A Tale of Two Beetles

Names of insects are a common source of confusion, in part because gardeners are prone to nickname plants and animals they see, and many common names sound similar. Such is the case with two invasive insects found in Iowa, both relative newcomers to the landscape. 

The Japanese beetle (Popillia japonica) is a plant-feeding Junebug found in a limited number of places within the state. Adult beetles are found feeding on plant flowers, foliage and fruit during mid-summer. 

The other newcomer, multicolored Asian lady beetle (Harmonia axyridis), has a lengthy official name that is reminiscent of Japanese beetle, and as such, is frequently misnamed. Multicolored Asian lady beetle (or ladybug ˆ a synonym) is a beneficial predator that eats aphids and other small insects in trees and fields during the summer. It is found everywhere in the state, and has the unfortunate habit of migrating to houses in the fall when the day-lengths shorten. They accumulate on the sunny sides of the building and wandering indoors, becoming an annoying, though harmless, household nuisance.

The Japanese Beetle

In the eastern United States the Japanese beetle (Popillia japonica) is the most destructive insect pest in the landscape and garden. It was 91 years ago in 1916 that the Japanese beetle was first found in this country, near Riverton, New Jersey, after arriving in nursery stock from Japan. Japanese beetle infestations slowly expanded southward and westward to cover most of the eastern one-half of the United States

The Japanese beetle did not appear in Iowa until 1994 and is still only been reported from 20 counties in the state (see list). The small, isolated infestations scattered across Iowa are an indication that the Japanese beetle was spread with infested plants and not by natural dispersal.

The Japanese beetle's distinction as the worst landscape pest in America comes from its ability to attack plants and be a serious pest in both the adult and larval stages. As an adult beetle in mid-summer, the beetles are known to devour the foliage, flowers, and fruit from more than 400 species of plants. The rest of the year the larvae are white grubs that live in the soil and eat the roots from trees, shrubs and turfgrass. Damaged turf wilts, turns tan and dies during August or September after the roots are eaten.

The Japanese beetle is a member of the large and varied family of scarab beetles, the well-known and familiar "junebugs" seen circling the porch light on warm evenings from spring through early summer. Japanese beetles are blocky and a little less than one-half inch-long and about one-quarter inch wide with a hard shell. The front of the body is shiny, metallic green while the wing covers are copper or bronze. Small white tufts of hair along the sides and back of the abdomen distinguish the Japanese beetle from similar insects.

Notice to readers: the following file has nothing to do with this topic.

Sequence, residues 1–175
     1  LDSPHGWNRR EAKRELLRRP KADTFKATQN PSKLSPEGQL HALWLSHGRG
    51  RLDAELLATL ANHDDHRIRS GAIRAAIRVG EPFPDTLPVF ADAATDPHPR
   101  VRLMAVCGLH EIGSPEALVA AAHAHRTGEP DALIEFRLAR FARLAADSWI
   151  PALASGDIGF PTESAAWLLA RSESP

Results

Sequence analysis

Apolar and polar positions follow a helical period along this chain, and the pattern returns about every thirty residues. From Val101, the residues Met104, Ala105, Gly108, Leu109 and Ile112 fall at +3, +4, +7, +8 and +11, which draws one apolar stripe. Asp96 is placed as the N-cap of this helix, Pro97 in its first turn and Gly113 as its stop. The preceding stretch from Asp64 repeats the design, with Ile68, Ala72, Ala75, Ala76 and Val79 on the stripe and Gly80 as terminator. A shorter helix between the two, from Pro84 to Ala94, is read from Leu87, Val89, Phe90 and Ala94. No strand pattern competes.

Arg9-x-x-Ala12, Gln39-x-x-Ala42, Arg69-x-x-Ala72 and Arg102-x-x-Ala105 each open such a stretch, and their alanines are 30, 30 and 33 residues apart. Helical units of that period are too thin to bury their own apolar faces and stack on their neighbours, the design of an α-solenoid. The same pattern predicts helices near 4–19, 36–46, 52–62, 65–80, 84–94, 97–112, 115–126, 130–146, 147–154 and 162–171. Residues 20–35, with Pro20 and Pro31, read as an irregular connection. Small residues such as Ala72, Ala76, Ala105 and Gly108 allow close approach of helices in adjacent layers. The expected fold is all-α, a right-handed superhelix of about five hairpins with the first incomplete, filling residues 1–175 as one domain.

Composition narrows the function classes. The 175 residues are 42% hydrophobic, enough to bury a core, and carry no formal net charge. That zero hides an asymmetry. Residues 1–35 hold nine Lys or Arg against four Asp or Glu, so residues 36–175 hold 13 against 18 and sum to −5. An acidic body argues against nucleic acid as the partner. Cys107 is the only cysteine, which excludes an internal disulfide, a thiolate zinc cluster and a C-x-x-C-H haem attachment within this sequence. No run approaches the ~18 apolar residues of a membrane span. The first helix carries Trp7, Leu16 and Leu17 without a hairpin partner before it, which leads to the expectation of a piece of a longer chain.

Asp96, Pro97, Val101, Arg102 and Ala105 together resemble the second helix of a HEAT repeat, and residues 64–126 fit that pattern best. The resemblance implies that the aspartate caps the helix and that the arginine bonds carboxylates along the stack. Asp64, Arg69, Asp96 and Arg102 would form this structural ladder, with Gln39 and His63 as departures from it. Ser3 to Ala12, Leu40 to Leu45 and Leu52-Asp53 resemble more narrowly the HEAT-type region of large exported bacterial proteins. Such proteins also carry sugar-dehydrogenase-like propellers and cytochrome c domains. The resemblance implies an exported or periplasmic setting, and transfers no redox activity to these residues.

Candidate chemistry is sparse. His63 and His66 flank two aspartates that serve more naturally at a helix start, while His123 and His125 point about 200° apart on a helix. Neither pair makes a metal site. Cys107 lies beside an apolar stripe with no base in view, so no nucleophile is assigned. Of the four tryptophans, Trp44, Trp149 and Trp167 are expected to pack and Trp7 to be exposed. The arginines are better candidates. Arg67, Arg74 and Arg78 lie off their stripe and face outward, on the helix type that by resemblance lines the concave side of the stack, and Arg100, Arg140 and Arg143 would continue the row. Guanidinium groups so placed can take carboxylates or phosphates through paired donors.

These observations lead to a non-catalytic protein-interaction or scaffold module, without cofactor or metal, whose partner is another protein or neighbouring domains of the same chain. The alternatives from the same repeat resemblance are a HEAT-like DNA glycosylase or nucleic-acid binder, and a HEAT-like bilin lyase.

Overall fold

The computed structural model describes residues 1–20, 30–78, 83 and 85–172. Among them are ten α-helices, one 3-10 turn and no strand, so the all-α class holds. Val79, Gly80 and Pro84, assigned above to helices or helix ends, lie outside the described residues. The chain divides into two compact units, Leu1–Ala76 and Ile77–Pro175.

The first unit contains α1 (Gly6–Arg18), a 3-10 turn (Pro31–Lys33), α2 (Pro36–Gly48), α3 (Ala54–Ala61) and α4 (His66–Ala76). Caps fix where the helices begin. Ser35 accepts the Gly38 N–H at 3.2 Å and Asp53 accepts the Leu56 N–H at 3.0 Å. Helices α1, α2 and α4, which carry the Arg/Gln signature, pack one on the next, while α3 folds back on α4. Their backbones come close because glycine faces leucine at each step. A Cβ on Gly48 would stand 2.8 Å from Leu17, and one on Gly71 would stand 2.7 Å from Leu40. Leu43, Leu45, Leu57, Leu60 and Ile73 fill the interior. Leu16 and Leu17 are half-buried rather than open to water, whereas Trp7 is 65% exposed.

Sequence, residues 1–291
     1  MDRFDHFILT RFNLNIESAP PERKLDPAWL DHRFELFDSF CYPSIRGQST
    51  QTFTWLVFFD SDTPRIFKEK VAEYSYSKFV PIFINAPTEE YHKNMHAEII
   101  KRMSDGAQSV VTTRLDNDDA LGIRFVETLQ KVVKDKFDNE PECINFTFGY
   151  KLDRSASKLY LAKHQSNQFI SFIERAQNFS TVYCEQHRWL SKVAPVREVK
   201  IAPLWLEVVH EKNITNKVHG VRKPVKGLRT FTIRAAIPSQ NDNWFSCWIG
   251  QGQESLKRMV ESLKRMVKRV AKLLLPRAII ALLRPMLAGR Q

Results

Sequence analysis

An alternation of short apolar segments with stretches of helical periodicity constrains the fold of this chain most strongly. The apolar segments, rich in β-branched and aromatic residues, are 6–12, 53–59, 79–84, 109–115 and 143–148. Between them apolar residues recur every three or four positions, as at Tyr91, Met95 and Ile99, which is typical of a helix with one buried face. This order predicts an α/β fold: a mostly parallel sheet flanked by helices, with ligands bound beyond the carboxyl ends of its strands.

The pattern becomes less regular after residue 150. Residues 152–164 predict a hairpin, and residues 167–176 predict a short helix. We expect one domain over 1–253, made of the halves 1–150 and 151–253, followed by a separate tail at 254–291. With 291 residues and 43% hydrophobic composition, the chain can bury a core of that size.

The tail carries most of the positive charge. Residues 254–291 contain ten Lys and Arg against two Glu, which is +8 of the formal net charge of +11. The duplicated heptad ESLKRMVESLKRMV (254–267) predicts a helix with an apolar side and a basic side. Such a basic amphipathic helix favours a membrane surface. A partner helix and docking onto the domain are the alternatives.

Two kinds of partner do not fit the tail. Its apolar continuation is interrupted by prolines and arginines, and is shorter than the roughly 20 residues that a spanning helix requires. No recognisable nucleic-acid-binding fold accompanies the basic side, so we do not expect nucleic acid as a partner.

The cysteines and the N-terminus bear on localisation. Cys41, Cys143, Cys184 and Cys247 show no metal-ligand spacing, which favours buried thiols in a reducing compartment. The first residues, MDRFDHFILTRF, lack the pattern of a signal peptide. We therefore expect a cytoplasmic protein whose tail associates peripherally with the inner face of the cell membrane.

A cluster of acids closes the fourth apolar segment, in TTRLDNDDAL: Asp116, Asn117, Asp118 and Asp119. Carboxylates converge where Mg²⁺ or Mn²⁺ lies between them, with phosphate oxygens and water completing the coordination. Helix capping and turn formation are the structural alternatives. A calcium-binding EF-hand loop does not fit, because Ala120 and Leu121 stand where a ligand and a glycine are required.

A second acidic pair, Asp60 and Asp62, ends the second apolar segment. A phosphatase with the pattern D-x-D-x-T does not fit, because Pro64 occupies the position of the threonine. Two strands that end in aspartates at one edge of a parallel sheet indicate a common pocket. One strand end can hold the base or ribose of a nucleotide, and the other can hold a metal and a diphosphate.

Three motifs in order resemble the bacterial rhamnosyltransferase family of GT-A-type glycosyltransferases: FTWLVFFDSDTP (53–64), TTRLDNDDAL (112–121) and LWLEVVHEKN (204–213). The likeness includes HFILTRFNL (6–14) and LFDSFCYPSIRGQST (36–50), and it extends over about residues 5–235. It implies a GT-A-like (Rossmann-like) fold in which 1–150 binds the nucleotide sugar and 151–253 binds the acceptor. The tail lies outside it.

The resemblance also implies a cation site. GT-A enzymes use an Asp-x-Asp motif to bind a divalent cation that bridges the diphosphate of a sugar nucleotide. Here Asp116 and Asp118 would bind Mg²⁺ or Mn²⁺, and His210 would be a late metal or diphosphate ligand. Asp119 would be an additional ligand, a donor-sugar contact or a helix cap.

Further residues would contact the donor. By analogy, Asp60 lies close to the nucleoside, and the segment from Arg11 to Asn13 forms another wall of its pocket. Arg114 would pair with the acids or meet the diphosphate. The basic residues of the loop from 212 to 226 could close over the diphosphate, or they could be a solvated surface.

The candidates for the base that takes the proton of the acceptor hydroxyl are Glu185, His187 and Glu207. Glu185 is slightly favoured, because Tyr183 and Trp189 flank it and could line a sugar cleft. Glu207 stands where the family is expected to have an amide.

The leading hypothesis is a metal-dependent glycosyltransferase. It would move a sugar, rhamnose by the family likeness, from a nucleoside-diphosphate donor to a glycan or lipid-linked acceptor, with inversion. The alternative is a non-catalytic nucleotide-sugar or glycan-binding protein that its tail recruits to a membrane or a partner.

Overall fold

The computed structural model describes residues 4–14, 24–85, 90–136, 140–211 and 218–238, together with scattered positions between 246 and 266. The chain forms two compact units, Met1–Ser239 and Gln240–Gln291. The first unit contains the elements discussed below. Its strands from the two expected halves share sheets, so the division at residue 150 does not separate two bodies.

The adult beetles begin to emerge from the ground during the last week of June and new adults continue to appear throughout July. Each beetle lives from only 30 to 45 days but adults may be present for most of a 6-week period throughout mid summer.

Though they may eat almost any plant ranging from roses to poison ivy, they have a few favorites. Look for them first on roses and other flowers, raspberries, grapes and crabapple and linden trees. 

Control of Japanese beetles is difficult. Persistence, diligence and repeated efforts are necessary because beetles emerge every day for a period of several weeks. Handpicking or screening of high-value plants may be of benefit in isolated situations with limited numbers of beetles. Remove beetles early and often to preserve the beauty of the plant and to reduce the attraction of more beetles. Remove beetles early in the morning while temperatures are cool and the beetles are sluggish. Collect or shake beetles into a bucket of soapy water and discard.

Spot spraying infested foliage of high value plants with a labeled garden insecticide may reduce damage for several days, but multiple applications are required to maintain control. Check the insecticide label to make certain the plant you want to spray is listed. Read and follow label directions.

Although Japanese beetle traps are widely available, research conducted in Kentucky suggests that they are not effective in controlling moderate to heavy infestations; and they may attract more beetles into a yard than would occur otherwise. Japanese beetle grubs can be controlled with an appropriately timed application of a registered turfgrass insecticide. Spraying the adult stage is not an effective strategy for prevention of white grubs.

List of counties where JB has been documented in Iowa. Beetles are not in all areas within reported counties. Most counties have a few to several infested areas. Worst areas of the state are Dubuque, Davenport, Cedar Rapids, and Iowa City. Some counties have reported one or two beetles but none were found in subsequent years.

Black Hawk Lee Boone Linn Clayton Madison Clinton Marshall Dallas Muscatine Dubuque Page Floyd Polk Iowa Scott Jackson Story Johnson Woodbury

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Links to this article are strongly encouraged, and this article may be republished without further permission if published as written and if credit is given to the author, Horticulture and Home Pest News, and Iowa State University Extension and Outreach. If this article is to be used in any other manner, permission from the author is required. This article was originally published on February 21, 2007. The information contained within may not be the most current and accurate depending on when it is accessed.